get as much tail as him. If he is moonlighting as a superhero, see Rich Idiot with No Day Job.
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- The "Most Interesting Man in the World" series of advertisements for Dos Equis beer centers around a yet-unnamed older gentleman who has no shortage of interesting tales about his life. He also appears to be quite wealthy, and is always surrounded by beautiful women.
Anime and Manga
- Roger Smith from the anime The Big O is a heroic millionaire who protects people with his giant robot. He also averts Rich Idiot with No Day Job, as he has an extremely difficult, high-profile and well-paying day job as a negotiator that funds Big O's upkeep, even.
- Ukyo from Samurai 7 could be seen as a variation of this, considering his extensive harem and insane amounts of wealth (the room all his harem girls gather in has a whale in a tank).
- Ranmaru Mori from The Wallflower fits this trope very well.
- In Tokyo Ghoul, Tsukiyama's grandfather was apparently an infamous womanizer. His father worried he would turn out the same as a result of his School Idol status, but this turns out to be an unfounded concern.
- Bruce Wayne acts like this in some continuities.
- Post-Crisis Lex Luthor is a villainous example. Some writers have him actually preferring that the women are only attracted to his money and influence ... it's a turn-on for him that he's a turn-off for them.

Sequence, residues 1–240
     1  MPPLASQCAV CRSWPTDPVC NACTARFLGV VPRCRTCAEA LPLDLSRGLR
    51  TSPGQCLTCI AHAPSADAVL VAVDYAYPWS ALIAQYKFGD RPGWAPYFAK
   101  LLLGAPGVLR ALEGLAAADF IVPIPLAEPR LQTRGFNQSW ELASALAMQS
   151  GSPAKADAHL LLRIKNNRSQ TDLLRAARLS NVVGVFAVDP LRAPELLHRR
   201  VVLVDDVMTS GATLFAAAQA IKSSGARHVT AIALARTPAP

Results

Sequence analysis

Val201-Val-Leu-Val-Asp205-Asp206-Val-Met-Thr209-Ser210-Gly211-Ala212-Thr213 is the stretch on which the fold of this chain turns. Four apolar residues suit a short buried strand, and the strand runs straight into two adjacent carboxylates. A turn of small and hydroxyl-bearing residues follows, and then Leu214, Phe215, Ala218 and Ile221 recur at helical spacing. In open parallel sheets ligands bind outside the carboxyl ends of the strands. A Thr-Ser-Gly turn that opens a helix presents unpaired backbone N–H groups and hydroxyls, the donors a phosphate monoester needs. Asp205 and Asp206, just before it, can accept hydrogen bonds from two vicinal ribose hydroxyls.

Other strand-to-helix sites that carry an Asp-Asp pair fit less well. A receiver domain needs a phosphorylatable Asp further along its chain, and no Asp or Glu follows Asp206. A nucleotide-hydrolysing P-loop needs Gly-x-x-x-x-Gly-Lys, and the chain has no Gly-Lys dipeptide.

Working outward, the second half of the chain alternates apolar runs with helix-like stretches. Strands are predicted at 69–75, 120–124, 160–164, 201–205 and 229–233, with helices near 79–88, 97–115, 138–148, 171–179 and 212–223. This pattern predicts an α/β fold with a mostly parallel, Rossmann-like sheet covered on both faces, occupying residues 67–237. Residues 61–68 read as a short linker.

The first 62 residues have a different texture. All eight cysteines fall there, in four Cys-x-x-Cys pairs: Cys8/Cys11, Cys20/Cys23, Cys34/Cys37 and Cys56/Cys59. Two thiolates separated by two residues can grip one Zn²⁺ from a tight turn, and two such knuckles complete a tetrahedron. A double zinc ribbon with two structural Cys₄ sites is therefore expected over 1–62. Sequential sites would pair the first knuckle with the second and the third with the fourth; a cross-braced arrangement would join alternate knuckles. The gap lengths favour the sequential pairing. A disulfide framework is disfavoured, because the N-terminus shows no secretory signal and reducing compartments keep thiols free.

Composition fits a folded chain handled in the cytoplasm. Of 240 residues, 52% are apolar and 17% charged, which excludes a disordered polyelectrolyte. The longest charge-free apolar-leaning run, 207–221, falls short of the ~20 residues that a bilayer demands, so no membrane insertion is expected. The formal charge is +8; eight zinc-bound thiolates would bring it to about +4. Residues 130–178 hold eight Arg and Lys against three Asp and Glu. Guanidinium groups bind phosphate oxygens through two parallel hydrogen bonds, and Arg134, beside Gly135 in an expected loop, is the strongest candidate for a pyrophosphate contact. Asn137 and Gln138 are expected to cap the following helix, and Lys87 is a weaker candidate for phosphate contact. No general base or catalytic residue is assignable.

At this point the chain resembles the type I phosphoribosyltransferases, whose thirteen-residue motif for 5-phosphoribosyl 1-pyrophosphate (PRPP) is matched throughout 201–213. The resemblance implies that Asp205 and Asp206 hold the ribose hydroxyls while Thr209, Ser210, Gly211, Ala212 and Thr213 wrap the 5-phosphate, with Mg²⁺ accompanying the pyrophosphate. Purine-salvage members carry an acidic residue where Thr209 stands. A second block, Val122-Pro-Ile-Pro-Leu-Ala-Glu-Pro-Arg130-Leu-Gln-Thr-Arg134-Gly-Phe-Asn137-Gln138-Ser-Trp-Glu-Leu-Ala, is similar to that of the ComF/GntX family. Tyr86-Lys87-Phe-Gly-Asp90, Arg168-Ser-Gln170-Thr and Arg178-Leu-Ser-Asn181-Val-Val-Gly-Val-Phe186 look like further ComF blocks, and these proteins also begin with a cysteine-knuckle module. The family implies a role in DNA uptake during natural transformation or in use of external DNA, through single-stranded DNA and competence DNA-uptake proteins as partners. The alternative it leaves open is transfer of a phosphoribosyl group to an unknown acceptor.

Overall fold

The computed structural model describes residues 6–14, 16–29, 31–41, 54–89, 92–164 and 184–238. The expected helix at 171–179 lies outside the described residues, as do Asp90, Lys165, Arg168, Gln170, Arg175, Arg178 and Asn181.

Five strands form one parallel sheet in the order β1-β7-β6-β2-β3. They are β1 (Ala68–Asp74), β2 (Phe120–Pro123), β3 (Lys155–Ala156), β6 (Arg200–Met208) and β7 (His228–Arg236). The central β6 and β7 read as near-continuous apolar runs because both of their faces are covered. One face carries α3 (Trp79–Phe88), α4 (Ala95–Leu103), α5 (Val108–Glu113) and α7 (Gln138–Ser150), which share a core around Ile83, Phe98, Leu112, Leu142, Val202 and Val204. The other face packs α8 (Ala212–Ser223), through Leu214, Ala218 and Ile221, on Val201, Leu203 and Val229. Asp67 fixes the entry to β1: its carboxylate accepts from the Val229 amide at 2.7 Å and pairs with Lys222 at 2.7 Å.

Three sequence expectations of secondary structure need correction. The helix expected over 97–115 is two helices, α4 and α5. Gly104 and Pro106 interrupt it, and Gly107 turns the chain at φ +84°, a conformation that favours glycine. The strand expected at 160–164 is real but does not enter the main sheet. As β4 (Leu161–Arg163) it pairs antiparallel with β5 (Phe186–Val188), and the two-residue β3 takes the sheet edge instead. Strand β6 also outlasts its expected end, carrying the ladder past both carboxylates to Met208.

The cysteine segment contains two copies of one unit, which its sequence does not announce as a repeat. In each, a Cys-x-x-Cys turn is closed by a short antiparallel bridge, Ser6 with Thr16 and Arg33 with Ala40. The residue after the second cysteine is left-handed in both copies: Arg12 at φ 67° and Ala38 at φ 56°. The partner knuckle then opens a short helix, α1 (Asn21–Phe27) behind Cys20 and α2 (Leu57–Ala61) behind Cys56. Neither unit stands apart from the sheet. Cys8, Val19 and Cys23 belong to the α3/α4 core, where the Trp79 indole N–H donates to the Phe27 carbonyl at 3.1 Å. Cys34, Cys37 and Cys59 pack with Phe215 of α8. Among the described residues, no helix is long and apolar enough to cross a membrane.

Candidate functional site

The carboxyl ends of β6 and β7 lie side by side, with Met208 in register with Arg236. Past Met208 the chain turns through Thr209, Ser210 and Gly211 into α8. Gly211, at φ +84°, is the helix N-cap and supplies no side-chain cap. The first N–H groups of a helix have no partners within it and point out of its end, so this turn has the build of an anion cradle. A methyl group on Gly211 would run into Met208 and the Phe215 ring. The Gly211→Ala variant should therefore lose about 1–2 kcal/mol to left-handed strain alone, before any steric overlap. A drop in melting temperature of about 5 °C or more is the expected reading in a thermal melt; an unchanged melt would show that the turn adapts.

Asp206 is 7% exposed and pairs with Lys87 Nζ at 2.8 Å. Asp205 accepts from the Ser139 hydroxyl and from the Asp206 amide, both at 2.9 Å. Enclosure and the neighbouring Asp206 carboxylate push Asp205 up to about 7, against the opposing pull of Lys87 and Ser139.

- Oliver Queen, before he gave away his fortune in the Seventies.
- Tony Stark, especially in the movies.
- Ultimate Tony Stark takes this to somewhat ridiculous degrees.
- Tsu Ma in David Wingrove's Chung Kuo series. It helps being the supreme lord of West Asia.
- Lamont Cranston.
- Deconstructed in The Great Gatsby with Gatsby himself.
- In The Flea Palace by Elif Shafak, Edith is somewhere between this and a Kavorka Man (a Rare Female Example in either case). She uses her wealth and taste to welcome a crowd of men to her house (prefers intellectuals) and they're fascinated and want to sleep with her although she's extraordinarily ugly.
- Zack Young tried to emulate this kind of character during the third season of Desperate Housewives.
- Chuck Bass from Gossip Girl.
- Smallville's Lex Luthor, although the playboy part is more reputation.
- Amos Burke on Burkes Law.
- Oliver Queen in Arrow.
- Julian from Deception.
- Castle is introduced as one at the beginning of the show.
- Downton Abbey: Harold Levinson, Cora's brother, is "rich as Croesus" (in his niece Mary's words) and fond of "pretty girls" (in his own words). He does have some rules, though.
- Tales of Symphonia's Zelos Wilder
- Devin Weston from Grand Theft Auto V, who frequently brags about his sexual conquests on the in-game social networking sites.
- Lorne de Havilland, one of Agent 47's targets in Hitman: Blood Money. In addition to publishing a very Playboy-esque magazine, Lorne owns a series of strip clubs. His clubs have hidden cameras in them, and he uses the footage to blackmail famous patrons.
- Hugh Hefner is one, as reflected in the name of the magazine he founded.
- Porfirio Rubirosa had been one: five times married, former son in law of Rafael Trujillo, inverted the trope by becoming millionaire because of his talent with ladies, had a brilliant career as a diplomat, was a great racing driver and airplane pilot. (Unfortunately for him, he died appropriately, by crashing in a Ferrari.)
- Actor George Clooney has a reputation for being one of these.